But apparently Redbox does more than distribute movies sans human interaction. They also do polls, specifically polls about movies. Their latest, just in time for Opening Day, is a poll to determine “America’s Favorite Baseball Movies,” a list which does not include “Ed” (1996). “Ed” starred Matt LeBlanc (Joey from “Friends”) and a chimpanzee who played baseball, or something, and it is nobody’s favorite movie, baseball or otherwise. The fact that the Redbox list does not include it speaks well to its overall legitimacy.
So here’s what the list does include:
10) Moneyball (2011). OK, so this movie conveniently leaves out the fact that the A’s had three of the best starting pitchers in baseball during their improbable 2002 20-game win streak. It’s still one of the great inside-baseball (literally) movies, and Jonah Hill (“That’s Pete”) almost manages to steal it from Brad Pitt, which is saying something. Even Clooney and Bruce Willis couldn’t do that.
9) Rookie of the Year (1993). This is the one where a 12-year-old kid breaks his arm and when it heals he can throw a 103-mph fastball, so of course he’s immediately drafted into the Major Leagues. It is NOT the one where a 12-year-old kid is left a Major League baseball team by his late grandfather and appoints himself manager — that was 1994’s “Little Big League,” which I probably would have put on this list instead of “Rookie” (if only because it had Timothy Busfield instead of Gary Busey, who even then seemed insane).
8) Bull Durham (1988). All I will say is, the fact that this isn’t closer to the top of the list is an insult to baseball, and movies, and lists. And now I will share a “Bull Durham” quote: “Strikeouts are boring, besides that, they’re fascist.”
7) The Natural (1984). Yes, it sold out the book’s downer ending, and Robert Redford was way too old to play Roy Hobbs, and I’m pretty sure that no matter how hard you hit a baseball, it won’t cause stadium lights to explode in a cascade of inspirational fireworks. I have decided I do not care, and that we should all have a glowing Glenn Close who stands for us when we get up to bat.
6) The Bad News Bears (1976). I watched this a few years ago with my son, who was probably around 10, because I remembered it from my childhood as being such wholesome family fun. Which it was, except for all the drinking, smoking, swearing and racial slurs. Ah, the ‘70s!
5) Angels in the Outfield (1994). Put “baseball” through a Disneymogrifier and it would spit out this movie every time — it has cute kids, laughs, no shortage of sappy inspirational moments and, of course, a dead mother. And Tony Danza, who pitches the game of his life despite not being helped by angels, and being like 50 years old, and having terminal cancer. Ah, Disney!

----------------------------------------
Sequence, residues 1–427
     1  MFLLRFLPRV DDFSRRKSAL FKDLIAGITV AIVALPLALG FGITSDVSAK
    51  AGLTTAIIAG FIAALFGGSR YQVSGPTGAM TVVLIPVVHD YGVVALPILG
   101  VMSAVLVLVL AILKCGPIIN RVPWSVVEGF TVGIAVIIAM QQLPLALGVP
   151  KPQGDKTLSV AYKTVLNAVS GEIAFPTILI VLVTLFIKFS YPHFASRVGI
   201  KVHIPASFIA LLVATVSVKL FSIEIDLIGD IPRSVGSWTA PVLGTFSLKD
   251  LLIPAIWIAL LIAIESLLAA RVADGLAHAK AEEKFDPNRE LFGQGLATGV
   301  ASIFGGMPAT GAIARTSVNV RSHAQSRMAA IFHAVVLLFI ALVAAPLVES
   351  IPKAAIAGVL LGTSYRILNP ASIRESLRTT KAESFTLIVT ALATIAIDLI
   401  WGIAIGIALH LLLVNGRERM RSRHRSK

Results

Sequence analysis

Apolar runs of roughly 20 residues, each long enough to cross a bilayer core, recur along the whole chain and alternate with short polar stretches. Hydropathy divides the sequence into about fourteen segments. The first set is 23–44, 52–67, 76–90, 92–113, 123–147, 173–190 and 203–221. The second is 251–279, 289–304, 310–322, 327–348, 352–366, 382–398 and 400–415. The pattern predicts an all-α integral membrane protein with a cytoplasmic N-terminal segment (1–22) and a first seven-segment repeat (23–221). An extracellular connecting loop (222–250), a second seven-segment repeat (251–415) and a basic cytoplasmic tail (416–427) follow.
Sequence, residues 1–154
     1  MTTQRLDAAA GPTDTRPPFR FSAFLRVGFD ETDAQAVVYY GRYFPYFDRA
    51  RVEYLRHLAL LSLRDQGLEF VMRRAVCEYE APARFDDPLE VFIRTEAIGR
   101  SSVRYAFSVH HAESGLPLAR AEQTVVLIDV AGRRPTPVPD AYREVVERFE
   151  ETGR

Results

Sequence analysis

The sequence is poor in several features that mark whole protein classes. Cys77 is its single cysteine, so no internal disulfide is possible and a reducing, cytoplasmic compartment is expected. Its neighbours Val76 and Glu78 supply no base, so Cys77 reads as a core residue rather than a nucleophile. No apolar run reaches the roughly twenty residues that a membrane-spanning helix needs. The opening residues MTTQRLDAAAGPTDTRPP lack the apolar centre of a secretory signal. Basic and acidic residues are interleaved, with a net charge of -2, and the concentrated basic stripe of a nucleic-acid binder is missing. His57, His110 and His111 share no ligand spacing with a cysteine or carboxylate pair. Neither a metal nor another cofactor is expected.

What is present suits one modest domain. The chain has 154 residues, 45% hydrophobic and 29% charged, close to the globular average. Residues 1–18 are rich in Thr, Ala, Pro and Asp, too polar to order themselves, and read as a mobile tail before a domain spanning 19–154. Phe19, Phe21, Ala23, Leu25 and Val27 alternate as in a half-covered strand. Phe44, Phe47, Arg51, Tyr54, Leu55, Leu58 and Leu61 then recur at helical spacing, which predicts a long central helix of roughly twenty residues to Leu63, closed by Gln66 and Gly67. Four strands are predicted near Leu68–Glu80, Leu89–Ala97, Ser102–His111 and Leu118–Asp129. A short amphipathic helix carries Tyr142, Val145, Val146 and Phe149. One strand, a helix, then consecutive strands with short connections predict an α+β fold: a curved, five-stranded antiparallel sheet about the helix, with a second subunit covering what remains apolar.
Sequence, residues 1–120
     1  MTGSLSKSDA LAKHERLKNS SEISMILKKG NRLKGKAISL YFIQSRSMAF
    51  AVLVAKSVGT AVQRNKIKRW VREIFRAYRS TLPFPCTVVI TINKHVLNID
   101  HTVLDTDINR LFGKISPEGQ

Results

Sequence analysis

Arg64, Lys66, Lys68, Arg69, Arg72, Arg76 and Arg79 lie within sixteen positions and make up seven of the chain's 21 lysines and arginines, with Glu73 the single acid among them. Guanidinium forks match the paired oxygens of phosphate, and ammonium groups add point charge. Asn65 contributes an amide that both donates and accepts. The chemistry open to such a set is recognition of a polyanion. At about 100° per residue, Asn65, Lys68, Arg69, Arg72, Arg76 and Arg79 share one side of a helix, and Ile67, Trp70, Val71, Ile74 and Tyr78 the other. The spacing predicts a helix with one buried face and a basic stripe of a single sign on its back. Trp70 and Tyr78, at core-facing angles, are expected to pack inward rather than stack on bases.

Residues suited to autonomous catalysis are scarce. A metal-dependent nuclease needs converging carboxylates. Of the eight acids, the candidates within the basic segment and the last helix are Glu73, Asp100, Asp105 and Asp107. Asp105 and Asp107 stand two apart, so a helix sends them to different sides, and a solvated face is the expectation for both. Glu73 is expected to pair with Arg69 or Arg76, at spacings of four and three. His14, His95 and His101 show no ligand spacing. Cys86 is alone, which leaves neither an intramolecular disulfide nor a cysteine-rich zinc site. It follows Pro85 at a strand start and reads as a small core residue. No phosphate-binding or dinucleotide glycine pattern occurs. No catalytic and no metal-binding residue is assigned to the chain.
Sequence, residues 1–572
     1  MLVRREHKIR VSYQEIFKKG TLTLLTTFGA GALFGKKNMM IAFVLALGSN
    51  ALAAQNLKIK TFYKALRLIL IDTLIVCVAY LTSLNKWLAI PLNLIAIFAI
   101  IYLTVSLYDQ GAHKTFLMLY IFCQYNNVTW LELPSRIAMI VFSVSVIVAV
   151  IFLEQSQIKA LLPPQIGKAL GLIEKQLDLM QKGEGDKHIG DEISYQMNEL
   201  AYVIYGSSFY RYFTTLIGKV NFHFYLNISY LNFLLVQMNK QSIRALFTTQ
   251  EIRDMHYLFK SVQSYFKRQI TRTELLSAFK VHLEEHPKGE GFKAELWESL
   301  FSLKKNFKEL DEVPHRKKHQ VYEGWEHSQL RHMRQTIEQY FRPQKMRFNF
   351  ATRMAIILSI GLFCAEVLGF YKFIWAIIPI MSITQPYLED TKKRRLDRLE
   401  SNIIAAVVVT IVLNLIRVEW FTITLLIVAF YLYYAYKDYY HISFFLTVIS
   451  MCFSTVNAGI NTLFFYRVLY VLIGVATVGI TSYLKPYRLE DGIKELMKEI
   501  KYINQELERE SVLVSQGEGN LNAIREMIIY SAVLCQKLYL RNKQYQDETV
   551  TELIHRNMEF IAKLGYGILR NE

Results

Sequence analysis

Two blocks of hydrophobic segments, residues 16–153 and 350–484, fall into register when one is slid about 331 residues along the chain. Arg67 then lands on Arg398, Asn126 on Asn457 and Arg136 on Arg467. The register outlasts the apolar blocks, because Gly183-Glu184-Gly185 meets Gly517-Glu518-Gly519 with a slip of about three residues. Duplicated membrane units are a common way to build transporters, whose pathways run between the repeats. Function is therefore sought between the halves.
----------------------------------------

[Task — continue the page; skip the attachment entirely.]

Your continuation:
4) Major League (1989). I know I’m going to hear it for this, but … I liked “Major League 2” better. What? It had more Bob Uecker! And now I will share a Bob Uecker from “Major League 2” quote: “Hello, Tribe fans, welcome to Major League Baseball … sort of.”
3) The Sandlot (1993). Am I the only one who found “The Sandlot” weird and kind of creepy? Between the lead kid who not only isn’t good at baseball but also seems only vaguely aware of its existence, to the nerdy kid who sexually assaults the pool lifeguard, I thought the whole thing was oddly off-putting. And then Benny becomes a major league ballplayer only to have that achievement ruined by having the worst mustache in the history of cinema, and that includes this one. You’re killin’ me, Smalls!
2) A League of Their Own (1992). There’s no crying in baseball! Enough said. (Except perhaps to note that Donald Trump probably hates this movie, since it features loser Rosie O’Donnell, disgusting Madonna and an entire cast of fully-clothed and competent women. And Tom Hanks.)
1) Field of Dreams (1989). If you build it they will come, and if you do a poll of favorite baseball movies, “Field of Dreams” will always come out on top of it. WE ALL JUST WANT ONE MORE CATCH WITH OUR DADS, OK?! And now I will go smell my old mitt and cry quietly to myself.
All in all a fine list. Sure, it could have used a few more older gems — wherefore art thou, “The Pride of the Yankees,” “Bang the Drum Slowly” and “Fear Strikes Out”? — and that it doesn’t have 2013’s instant classic “42” is a crime. But as I mentioned earlier, it also doesn’t have “Ed.”
That makes it a winner in my book. (Sorry, Joey.) Play ball!